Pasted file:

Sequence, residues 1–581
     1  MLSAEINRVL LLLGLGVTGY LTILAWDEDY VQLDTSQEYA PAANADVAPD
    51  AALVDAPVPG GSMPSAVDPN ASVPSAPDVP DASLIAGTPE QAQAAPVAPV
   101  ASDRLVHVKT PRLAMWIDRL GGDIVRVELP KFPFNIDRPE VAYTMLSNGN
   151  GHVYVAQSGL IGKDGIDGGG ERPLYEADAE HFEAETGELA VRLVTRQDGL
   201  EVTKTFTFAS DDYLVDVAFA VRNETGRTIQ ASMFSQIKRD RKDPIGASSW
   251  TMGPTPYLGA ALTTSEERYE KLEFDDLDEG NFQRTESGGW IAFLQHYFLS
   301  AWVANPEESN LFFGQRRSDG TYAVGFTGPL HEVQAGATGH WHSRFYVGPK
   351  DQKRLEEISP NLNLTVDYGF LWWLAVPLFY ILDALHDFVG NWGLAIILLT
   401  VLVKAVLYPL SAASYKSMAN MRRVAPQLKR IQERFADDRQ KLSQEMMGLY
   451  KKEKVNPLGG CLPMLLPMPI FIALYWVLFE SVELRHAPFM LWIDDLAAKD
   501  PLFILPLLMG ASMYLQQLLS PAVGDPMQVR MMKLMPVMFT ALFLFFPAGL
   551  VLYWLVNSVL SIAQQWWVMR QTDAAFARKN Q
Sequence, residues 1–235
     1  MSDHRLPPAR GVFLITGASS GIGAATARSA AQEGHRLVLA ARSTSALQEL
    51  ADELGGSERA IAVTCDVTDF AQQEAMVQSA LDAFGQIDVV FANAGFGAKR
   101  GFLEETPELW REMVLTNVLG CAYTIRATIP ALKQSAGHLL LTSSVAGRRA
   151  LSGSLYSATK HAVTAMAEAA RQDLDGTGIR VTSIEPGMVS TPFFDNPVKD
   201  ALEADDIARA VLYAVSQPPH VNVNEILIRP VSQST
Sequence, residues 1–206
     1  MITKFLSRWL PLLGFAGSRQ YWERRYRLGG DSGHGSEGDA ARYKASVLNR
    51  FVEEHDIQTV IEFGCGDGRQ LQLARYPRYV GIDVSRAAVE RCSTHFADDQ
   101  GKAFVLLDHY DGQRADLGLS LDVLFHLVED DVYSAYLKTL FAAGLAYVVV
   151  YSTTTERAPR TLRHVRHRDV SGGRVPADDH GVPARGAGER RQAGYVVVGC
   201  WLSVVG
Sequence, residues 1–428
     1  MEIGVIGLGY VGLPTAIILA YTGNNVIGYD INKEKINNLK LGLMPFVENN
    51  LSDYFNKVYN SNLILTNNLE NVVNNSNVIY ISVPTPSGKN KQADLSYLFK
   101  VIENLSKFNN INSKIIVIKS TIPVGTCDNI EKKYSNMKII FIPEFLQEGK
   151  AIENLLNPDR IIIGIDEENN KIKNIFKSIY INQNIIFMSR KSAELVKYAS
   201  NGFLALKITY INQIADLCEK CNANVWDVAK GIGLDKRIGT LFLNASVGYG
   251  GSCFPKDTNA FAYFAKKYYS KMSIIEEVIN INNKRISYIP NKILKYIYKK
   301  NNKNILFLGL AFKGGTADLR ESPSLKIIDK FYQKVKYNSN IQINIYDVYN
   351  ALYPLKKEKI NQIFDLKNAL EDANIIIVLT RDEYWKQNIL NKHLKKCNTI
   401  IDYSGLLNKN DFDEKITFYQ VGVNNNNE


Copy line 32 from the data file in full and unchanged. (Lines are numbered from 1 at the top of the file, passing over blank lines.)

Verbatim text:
   251  GSCFPKDTNA FAYFAKKYYS KMSIIEEVIN INNKRISYIP NKILKYIYKK